Little Rock Criminal Law Blog

Why does how evidence was obtained matter?

The Fourth Amendment to the U.S. Constitution provides you with the right to be free from unreasonable searches and seizures. You may not be aware of the fact that this right looks much different now than it did when added over 200 years ago.

It took until 1914 for the U.S. Supreme Court to decide that federal prosecutors could not enter incriminating evidence into court against an individual if police failed to obtain it through legal means and in accordance with the requirements of the Fourth Amendment. In 1961, the Court expanded its ruling to include state courts. This prohibition against using evidence not properly obtained became known as the Exclusionary Rule. 

Former Arkansas sheriff accused of violent crimes

A man who once served as sheriff of Benton County is under fire for allegedly assaulting a family member. The 47-year-old man was arrested in Bentonville, Arkansas, after being accused of violent crimes. It is unknown whether he has retained criminal defense counsel, and no court date has been publicly announced.

Court records say that around 11 p.m. the night of Aug. 12, officers from the Rogers Police Department were called to the man's residence after they received reports of a possible domestic disturbance taking place. Upon arriving at the residence, police found the man and an unidentified woman who has been confirmed to be a member of his family. The man and woman were arguing when police arrived.

Arkansas police officer charged with violent crimes

A law enforcement officer in Little Rock is facing a potentially career-ending charge after being accused of battery. The Arkansas officer was accused of violent crimes by a suspect in the form of an assault on his person. The officer was released from a county jail on Aug. 6 under his own recognizance, and no trial date has yet been announced.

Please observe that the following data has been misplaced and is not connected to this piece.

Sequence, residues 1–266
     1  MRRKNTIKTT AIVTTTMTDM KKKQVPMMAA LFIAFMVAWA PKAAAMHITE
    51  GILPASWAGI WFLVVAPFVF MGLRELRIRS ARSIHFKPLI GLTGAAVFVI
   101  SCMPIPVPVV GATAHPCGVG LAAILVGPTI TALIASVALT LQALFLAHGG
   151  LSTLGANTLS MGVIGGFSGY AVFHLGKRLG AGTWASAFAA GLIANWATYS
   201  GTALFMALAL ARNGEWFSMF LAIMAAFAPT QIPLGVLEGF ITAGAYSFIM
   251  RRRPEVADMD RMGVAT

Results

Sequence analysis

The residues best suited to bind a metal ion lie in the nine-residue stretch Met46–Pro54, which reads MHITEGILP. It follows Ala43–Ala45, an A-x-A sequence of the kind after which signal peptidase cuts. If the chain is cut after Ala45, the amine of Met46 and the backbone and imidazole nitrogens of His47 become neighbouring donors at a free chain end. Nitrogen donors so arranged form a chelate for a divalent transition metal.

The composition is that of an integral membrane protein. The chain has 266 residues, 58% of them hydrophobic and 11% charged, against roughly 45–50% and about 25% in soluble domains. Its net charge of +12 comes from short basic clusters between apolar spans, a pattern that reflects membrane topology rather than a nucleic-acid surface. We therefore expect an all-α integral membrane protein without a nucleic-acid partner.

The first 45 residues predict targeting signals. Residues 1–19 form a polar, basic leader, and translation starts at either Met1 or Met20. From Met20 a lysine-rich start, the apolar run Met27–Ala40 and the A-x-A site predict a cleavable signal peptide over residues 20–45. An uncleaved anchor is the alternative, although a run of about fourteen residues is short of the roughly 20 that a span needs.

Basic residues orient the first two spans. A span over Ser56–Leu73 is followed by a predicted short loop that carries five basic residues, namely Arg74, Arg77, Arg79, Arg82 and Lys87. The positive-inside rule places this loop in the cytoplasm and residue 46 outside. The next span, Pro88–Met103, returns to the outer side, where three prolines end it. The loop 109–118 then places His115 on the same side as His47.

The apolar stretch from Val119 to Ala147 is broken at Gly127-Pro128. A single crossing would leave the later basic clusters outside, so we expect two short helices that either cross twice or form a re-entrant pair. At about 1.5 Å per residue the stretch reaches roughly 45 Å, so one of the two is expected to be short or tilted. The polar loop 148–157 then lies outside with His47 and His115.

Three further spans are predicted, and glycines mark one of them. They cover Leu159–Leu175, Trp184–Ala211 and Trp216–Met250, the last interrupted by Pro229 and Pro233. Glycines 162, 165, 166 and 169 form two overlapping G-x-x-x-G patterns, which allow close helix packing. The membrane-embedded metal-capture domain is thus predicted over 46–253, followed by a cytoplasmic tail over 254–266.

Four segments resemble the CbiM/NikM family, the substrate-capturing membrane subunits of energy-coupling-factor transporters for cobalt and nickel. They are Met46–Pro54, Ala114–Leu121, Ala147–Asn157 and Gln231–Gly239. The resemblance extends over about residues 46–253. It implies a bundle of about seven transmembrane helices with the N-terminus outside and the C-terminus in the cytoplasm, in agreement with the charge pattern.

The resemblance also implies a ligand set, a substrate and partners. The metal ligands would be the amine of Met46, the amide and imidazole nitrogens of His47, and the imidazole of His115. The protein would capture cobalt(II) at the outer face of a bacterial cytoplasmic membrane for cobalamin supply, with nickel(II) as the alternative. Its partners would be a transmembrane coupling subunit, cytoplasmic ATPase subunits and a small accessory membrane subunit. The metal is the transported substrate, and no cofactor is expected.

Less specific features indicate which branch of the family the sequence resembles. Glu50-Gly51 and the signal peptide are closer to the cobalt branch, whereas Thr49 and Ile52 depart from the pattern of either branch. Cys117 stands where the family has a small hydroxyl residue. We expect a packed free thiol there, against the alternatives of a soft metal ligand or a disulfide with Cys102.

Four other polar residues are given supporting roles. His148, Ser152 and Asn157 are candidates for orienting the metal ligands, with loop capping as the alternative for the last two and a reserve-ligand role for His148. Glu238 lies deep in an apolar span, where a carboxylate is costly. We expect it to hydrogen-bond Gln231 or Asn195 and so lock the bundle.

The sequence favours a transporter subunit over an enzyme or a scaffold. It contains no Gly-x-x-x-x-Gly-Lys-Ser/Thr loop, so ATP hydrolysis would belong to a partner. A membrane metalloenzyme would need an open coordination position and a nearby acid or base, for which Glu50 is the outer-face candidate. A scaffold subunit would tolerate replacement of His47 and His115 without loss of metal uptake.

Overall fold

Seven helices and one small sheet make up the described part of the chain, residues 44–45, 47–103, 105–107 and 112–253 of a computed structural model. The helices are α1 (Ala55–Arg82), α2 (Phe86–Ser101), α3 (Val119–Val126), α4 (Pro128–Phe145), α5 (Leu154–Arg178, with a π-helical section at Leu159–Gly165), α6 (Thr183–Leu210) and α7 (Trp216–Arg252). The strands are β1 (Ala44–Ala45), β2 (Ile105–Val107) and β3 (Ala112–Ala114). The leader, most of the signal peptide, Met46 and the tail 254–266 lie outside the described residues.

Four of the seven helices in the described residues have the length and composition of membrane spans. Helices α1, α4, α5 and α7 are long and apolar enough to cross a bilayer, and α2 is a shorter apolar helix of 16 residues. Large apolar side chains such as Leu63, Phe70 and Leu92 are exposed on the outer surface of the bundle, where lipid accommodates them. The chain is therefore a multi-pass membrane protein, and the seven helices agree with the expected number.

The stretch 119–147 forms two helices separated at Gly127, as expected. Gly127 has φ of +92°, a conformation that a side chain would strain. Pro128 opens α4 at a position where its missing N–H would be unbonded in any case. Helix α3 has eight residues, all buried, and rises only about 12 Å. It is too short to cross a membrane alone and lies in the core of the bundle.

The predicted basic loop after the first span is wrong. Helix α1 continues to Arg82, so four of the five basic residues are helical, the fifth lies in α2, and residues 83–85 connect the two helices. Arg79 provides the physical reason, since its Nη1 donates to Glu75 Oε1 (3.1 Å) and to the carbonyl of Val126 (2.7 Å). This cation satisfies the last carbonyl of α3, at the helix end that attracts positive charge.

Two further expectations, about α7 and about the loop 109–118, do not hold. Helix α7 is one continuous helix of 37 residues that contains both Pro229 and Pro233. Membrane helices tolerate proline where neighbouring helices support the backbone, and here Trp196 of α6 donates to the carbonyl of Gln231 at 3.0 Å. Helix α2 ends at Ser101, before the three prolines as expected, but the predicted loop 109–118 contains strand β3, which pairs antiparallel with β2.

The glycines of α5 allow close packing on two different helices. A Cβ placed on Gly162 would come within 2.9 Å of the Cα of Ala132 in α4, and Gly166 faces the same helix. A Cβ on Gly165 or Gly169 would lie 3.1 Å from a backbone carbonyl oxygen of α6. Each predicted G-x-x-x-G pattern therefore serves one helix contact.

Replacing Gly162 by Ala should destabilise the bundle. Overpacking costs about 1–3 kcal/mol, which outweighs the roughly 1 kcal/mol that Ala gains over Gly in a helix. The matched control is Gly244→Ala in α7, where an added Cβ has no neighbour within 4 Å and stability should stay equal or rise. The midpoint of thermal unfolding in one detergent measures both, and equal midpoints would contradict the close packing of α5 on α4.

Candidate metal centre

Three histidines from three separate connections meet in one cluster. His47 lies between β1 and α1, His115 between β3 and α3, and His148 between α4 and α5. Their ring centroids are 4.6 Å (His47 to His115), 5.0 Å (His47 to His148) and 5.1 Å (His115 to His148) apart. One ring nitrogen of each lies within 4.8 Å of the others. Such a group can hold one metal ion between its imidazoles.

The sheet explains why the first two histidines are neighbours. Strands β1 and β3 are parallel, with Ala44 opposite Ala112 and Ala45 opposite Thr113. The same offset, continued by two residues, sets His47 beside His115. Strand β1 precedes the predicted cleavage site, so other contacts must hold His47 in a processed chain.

According to the report, the 44-year-old officer was responding to a domestic disturbance in Ash Flat back in Nov. 2016 when the incident allegedly occurred. The plaintiff has contended that the officer body slammed him with enough force to draw blood, and that the officer laughed about the incident with the other officers on the scene rather than rendering aid. The plaintiff filed his complaint in May 2018.

2 people suspected of violent crimes in Arkansas

One person is suffering from a gunshot wound following an altercation that police believe may have been predicated by a failed drug deal. Police in Jacksonville, Arkansas, have arrested a 21-year-old man and a 17-year-old male on suspicion of violent crimes. Both men have been taken into custody and are awaiting trial.

According to the police report, it appears two individuals who have not been publicly identified were attempting to buy drugs from the two accused men on the evening of July 21. During this alleged transaction, the two men apparently turned on their would-be customers and attempted to rob them. The incident report goes on to say the 17-year-old produced a handgun when the alleged buyers attempted to flee in their vehicle.

Facing wire fraud? A strong defense is crucial for your future

Arkansas readers know that facing any type of criminal charge is a threat to their future and personal freedoms. It is crucial to work diligently to defend yourself against allegations of wrongdoing, especially if it is a white collar crime. If there are charges of wire fraud against you, you would be wise to take quick action to build an appropriate defense strategy. 

Wire fraud is a type of white collar crime. These are allegations of financial wrongdoing that can bring serious consequences with a conviction. Regardless of the nature of the charges against you or the circumstances of your individual situation, you have the right to know your defense options.

Shooting leads to charges for violent crimes